Here are five things you must know for Thursday, March 26:
1. -- Stock Futures Slip as Investors Look to Jobless Claims
Stock futures traded lower Thursday after the Senate passed a $2 trillion coronavirus aid bill but investors looked toward the release of jobless claims that could jump into the millions as the coronavirus pandemic forced companies and businesses to shut down.
Contracts linked to the Dow Jones Industrial Average fell 125 points, S&P 500 futures declined 25 points and Nasdaq futures were off 47 points.
The S&P 500 recorded its first back-to-back gains Wednesday since the coronavirus-induced selloff began about five weeks ago.
The massive stimulus package passed on a 96-0 vote in the Senate. The House was scheduled to vote Friday on the legislation.
President Donald Trump said he immediately would sign the bill that includes direct payments to most Americans and aid for industries hardest hit by the pandemic.
U.S. Treasury Secretary Steven Mnuchin, asked how long the aid would keep the economy afloat, said: “We’ve anticipated three months. Hopefully, we won’t need this for three months.”
2. -- Jobless Claims Could Reach 4 Million
The economic calendar in the U.S. Thursday include weekly Jobless Claims at 8:30 a.m. ET, the second estimate for fourth-quarter GDP at 8:30 a.m. and International Trade in Goods for February at 8:30 a.m.
Economists surveyed by Econoday expect 1 million jobless claims for the week ended March 21, a week that saw wide shutdowns in recreation, food services and manufacturing because of the coronavirus outbreak. The highest estimate for the week was 2.737 million claims. Jobless claims the week prior numbered 281,000.
Forecasts in a Reuters poll ranged from 250,000 claims up to 4 million.
Economists at RBC Capital Markets initially had expected jobless claims of more than 1 million but said that was now “poised to be many multiples of that."
Earnings reports are expected Thursday from GameStop (GME) - Get Report, KB Home (KBH) - Get Report, Lululemon Athletica (LULU) - Get Report, Progress Software (PRGS) - Get Report, Canadian Solar (CSIQ) - Get Report and Signet Jewelers (SIG) - Get Report.
3. -- Coronavirus - The Latest
The number of confirmed global cases of the coronavirus has risen to 472,109, according to the Johns Hopkins Center for Systems Science and Engineering, and deaths increased to 21,307.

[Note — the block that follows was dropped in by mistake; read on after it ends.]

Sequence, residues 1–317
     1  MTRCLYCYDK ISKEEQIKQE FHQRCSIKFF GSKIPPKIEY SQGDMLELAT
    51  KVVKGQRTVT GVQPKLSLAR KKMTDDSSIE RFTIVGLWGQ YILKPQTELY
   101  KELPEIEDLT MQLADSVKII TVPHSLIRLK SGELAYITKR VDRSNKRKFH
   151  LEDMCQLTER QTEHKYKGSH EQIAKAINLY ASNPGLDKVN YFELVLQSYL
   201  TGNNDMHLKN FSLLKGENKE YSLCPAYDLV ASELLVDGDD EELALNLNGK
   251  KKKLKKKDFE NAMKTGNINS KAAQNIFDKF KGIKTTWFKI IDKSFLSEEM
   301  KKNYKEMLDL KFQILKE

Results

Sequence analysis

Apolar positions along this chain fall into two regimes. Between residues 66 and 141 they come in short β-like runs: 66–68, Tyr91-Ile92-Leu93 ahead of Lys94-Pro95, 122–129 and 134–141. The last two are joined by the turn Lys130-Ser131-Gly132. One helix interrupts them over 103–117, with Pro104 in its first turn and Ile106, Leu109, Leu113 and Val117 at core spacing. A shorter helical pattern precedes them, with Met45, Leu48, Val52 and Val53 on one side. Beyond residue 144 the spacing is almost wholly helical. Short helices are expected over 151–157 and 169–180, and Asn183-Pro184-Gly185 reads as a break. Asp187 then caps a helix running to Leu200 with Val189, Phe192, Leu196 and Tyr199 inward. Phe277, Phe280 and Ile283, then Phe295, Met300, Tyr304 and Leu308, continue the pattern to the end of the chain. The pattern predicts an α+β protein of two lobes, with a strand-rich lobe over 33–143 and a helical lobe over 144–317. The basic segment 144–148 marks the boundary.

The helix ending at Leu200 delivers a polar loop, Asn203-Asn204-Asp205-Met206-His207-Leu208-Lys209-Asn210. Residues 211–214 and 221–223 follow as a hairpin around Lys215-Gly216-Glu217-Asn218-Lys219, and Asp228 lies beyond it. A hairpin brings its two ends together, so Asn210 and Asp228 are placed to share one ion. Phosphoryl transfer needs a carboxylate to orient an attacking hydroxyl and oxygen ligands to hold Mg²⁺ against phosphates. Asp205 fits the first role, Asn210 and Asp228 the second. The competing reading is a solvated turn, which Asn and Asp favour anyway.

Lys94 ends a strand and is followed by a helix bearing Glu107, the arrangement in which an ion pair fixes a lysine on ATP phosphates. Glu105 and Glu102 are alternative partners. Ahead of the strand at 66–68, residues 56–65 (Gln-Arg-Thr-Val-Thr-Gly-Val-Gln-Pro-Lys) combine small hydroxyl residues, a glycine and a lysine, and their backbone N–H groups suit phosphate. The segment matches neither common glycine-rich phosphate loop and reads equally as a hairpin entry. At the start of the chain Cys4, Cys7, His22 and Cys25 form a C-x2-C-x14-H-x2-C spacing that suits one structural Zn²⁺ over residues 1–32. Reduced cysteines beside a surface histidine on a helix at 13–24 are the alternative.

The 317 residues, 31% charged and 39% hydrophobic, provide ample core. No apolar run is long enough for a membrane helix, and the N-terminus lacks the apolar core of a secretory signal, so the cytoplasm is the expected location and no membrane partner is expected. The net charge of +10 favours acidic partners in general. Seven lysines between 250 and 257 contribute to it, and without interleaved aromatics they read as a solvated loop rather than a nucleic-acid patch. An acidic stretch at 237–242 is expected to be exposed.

The U.S. has 69,197 cases of the virus and deaths have climbed to more than 1,030. More than half of the U.S. cases are in New York state.
The U.S. death toll is just behind France, which has 1,331 deaths. Italy has the most deaths of any country, 7,503, from the pandemic, according to Johns Hopkins.
The World Health Organization earlier this week said the United States has the "potential" to become the epicenter of the crisis.
Anthony Fauci, the director of the National Institute of Allergy and Infectious Diseases, said Wednesday that Americans should prepare for a second wave of infections in the United States.
“Would this possibly become a seasonal cyclic thing? I’ve always indicated to you that I think it very well might,” Fauci said a White House press briefing.
Fauci emphasized how vital it was for a vaccine to be developed "so we can have it ready for the next cycle.”
4. -- Micron Technology's Revenue Forecast Tops Estimates
Micron Technology MU was up 4.85% to $44.56 in premarket trading Thursday after the chipmaker posted fiscal second-quarter earnings that topped analysts' estimates, and forecast third-quarter revenue above forecasts.
The company earned 45 cents a share on an adjusted basis in the second quarter, beating estimates of 37 cents. Revenue of $4.8 billion fell 17.8% from $5.84 billion a year earlier.
Micron projected revenue for the quarter ending in May of $4.6 billion to $5.2 billion, the midpoint of which slightly tops Wall Street’s expectations.
During a conference call, Chief Financial Officer Dave Zinsner said demand for Micron's products remains strong with favorable pricing trends, especially as employees work from home because of the coronavirus outbreak. But he couldn't answer how strong demand would be for devices like computers, servers, smartphones and connected cars once the coronavirus outbreak ebbs, The Wall Street Journal reported.
Micron is “a lagging indicator relative to end demand, and macro projections have significantly weakened in the near term,” Zinsner said.
5. -- Apple Reportedly Could Delay Launch of 5G iPhone
Apple executives have discussed a possible delay of several months in introducing the much-anticipated phone, sources told the Nikkei Asian Review.
According to Nikkei, Apple has been weighing both supply chain hurdles and sinking global demand for smartphones tied to the coronavirus pandemic.
The tech giant's 5G iPhone had been expected to launch in September, helping to reinvigorate iPhone sales, which have trended downward over the past few years.